I’m often asked by aspiring authors whether or not they need a literary agent to get published. The short answer is: it depends! (I know, it sounds like a non-answer, but hear me out.)
For authors who are going to be navigating traditional publishing, literary agents are invaluable because they can help you to secure book deals, negotiate contracts, land foreign rights deals, and just generally help you deal with the ins-and-outs of the publishing world. Having someone in your corner to offer their expertise, who has existing connections, is incredibly useful. But signing with an agent can be difficult and competitive – and agents aren’t the only way to get published.
It all comes down to your goals, and what you really want out of your writing and publishing career.
The role of literary agents
Literary agents represent authors, submitting their manuscripts to publishers and championing them and their work. They do a whole bunch of things, from negotiating contracts to helping their authors develop new ideas. They are well connected in the world of traditional publishing.
That means if your dream is to get your book published with one of the Big 5 (Penguin Random House, Hachette, HarperCollins, Simon and Schuster, and Macmillan) or any other big mainstream publishing house, your odds will be much improved when you work with an agent. (Nothing is ever a hundred percent definite. Sometimes an agent can’t sell a book, and the author has to write another one. It sounds bleak, but it does happen.) Literary agents can and do submit to mid-sized houses as well (they will often do a “batch” of submissions incorporating the Big 5 and other medium-sized houses, to give their author the best chance of landing a deal).
Many big and mid-sized publishing houses don’t accept unagented submissions – which is why, if you have the more mainstream publishers in mind, having an agent is essential.
How to get a literary agent
Getting a literary agent is a time-consuming process (which, unsurprisingly, is why a lot of authors decide not to do it). You’ll need your completed manuscript, a query letter (similar to a cover letter), and a synopsis. When you have those materials, you’ll need to thoroughly research agents who accept your genre/age range, and follow their submission guidelines. Be prepared for the process to take a long time – traditional publishing is notoriously slow. Lots of authors have to write multiple books before they land an agent, as well, as their first submitted manuscript isn’t always the one that attracts interest.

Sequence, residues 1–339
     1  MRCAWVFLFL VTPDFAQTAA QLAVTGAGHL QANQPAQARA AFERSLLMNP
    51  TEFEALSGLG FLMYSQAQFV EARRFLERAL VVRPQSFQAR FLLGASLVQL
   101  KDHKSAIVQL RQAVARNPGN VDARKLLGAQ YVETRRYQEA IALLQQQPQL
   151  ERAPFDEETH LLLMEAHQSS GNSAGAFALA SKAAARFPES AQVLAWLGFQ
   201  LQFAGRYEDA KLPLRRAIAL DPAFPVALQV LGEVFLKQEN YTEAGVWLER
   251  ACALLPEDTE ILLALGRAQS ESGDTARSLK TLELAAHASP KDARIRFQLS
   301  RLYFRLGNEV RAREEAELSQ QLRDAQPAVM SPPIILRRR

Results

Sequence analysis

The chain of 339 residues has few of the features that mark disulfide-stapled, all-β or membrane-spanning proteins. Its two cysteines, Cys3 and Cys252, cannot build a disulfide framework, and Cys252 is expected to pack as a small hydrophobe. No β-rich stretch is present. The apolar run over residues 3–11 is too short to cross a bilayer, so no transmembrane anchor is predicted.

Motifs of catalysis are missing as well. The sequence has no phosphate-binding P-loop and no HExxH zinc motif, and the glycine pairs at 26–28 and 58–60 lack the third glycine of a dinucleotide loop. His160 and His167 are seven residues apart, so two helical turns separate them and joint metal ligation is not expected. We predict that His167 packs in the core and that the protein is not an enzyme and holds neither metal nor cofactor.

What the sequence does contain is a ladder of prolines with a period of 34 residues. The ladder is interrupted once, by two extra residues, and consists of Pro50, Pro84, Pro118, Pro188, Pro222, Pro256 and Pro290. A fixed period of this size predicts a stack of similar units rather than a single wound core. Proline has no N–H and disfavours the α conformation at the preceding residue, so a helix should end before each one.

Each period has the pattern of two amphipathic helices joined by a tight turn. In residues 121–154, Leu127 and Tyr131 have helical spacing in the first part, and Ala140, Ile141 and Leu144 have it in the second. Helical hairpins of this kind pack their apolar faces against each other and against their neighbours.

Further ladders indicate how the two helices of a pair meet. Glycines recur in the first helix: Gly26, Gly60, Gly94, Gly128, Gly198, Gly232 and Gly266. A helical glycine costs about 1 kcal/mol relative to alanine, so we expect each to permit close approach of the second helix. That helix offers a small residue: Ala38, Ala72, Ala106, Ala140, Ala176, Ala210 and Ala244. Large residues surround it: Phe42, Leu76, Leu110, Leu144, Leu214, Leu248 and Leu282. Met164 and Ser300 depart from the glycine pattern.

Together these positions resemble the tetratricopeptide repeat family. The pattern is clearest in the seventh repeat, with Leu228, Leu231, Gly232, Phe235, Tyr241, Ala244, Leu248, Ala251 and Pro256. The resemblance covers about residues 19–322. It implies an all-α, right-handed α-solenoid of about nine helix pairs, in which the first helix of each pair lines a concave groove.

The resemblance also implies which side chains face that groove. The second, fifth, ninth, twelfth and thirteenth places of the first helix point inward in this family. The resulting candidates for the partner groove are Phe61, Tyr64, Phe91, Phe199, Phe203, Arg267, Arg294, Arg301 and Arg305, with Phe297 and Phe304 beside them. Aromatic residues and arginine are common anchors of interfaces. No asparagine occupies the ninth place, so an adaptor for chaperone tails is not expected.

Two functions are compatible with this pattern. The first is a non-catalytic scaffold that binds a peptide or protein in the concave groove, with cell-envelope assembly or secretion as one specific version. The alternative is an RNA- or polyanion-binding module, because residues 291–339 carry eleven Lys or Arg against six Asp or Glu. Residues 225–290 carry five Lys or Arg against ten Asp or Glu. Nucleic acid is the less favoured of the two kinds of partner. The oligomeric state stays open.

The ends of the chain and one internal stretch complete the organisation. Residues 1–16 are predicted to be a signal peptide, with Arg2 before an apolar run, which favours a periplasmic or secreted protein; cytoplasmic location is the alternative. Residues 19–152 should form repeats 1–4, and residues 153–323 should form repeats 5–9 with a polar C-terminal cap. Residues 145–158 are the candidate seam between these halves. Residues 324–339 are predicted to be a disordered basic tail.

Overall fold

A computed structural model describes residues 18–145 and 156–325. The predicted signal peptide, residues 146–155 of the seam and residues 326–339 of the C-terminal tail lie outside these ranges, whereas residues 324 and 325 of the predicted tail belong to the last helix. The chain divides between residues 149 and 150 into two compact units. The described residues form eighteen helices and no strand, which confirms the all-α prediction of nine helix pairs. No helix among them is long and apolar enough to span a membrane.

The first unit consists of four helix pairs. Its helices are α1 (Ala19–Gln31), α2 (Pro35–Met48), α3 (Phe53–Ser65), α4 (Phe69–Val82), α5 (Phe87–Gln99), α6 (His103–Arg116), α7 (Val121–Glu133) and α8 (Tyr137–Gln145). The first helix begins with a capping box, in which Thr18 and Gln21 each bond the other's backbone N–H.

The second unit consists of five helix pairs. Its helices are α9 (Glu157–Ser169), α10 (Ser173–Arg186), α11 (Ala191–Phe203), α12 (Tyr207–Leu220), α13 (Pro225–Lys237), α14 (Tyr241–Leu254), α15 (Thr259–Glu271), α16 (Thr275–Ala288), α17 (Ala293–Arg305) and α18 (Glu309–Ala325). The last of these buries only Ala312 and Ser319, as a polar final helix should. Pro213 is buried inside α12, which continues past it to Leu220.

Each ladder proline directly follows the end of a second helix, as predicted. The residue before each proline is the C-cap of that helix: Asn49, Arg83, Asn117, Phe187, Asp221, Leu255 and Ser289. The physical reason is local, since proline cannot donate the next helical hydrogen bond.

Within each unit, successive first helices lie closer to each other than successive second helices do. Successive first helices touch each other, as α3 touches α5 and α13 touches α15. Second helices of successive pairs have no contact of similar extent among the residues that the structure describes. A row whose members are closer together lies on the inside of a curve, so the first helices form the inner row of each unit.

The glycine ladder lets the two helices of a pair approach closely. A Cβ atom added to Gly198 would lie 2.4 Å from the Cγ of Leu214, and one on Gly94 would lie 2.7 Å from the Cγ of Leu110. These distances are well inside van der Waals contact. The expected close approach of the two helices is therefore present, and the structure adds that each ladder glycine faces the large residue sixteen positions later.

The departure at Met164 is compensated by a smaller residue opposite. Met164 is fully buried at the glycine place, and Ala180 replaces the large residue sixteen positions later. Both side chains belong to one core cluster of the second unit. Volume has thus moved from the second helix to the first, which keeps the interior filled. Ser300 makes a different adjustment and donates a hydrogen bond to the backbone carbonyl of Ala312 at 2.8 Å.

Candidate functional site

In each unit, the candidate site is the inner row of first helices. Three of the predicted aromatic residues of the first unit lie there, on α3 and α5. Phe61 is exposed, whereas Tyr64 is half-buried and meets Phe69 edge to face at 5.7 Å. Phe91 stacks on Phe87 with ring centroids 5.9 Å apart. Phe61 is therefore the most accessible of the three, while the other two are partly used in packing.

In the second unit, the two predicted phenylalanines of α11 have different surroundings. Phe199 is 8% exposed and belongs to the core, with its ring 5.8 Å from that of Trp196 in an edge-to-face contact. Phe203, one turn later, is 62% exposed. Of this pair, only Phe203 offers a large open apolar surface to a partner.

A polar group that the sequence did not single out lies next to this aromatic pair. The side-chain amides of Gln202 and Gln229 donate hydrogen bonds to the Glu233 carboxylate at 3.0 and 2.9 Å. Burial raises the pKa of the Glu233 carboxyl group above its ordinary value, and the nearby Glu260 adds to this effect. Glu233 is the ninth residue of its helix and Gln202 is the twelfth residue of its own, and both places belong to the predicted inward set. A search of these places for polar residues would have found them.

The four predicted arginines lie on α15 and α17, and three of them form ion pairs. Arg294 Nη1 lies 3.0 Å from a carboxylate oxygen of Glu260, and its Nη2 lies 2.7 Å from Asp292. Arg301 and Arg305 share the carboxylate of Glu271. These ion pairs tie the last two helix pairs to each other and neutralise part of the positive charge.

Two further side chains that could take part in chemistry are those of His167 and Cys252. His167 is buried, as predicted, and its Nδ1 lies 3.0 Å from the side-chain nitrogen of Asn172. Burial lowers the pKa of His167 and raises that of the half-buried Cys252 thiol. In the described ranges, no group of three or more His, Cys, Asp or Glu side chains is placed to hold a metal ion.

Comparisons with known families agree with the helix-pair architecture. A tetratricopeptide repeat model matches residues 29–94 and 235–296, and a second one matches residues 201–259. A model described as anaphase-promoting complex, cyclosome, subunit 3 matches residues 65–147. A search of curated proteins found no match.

Here are some more detailed guides to help you with agent-hunting:
- Submitting to literary agents: Ten tips
- Should I hire a freelance editor before submitting to agents or publishers?
- Seven tips on writing a strong synopsis for your novel
- Querying agents: The revise and resubmit (R&R)
Other paths to getting published
There are other paths to get published that don’t require you to have a literary agent. Unsurprisingly, the slow pace of getting an agent and getting traditionally published is a big reason why some authors turn away from that.
Here are some options that don’t require a literary agent:
- Small/independent publishers: There are lots of smaller publishing houses out there that accept unsolicited submissions from writers (i.e. you don’t need an agent to submit to them). Do bear in mind that if you’re going this route, you likely won’t have the benefit of an agent looking over your contract or negotiating the details for you, so you may want to get external advice before you sign anything. It’s also worth being aware that small presses tend to pay a lot less than mid-size or large publishers. If that trade-off is okay with you, then go for it!
- Self-publishing: It goes without saying that if you decide to self-publish, you don’t need an agent as you have full control over your work. Some self-published authors who do well end up getting an agent later to negotiate foreign rights deals.
- Short story markets: If you write short stories, you can submit to these markets without needing an agent. Some of these markets involve being published in anthologies. If you want to learn more about this, check out my interview with short story writer Isabella Hunter.
- Setting up your own publishing house: Some authors decide to combine their own publishing aims with publishing other people too, and set up their own house.
Your goals and options
Your goals will determine which path you ultimately decide to go down, and whether or not you choose to find a literary agent to get published. Only you can do the soul-searching to decide what you really want. Remember, too, that you aren’t “locked in” to an option, just because you’ve made a choice. There are authors who follow multiple paths. You can always change your mind later, too. The great thing about publishing now is that there are plenty of options for you to explore, even if one of them doesn’t work out.
If you’re still stuck or feel overwhelmed by all these options, there are more resources on all the publishing options available to you below. Good luck!
- Self-publishing and traditional publishing: The pros and cons, and how to choose
- Author Journeys interview: Self-publishing with Dave McCreery
- BookEnds Literary Agency YouTube channel
- Alliance of Independent Authors podcast
If you’d like some feedback on your novel, or help developing your story, check out my editorial services.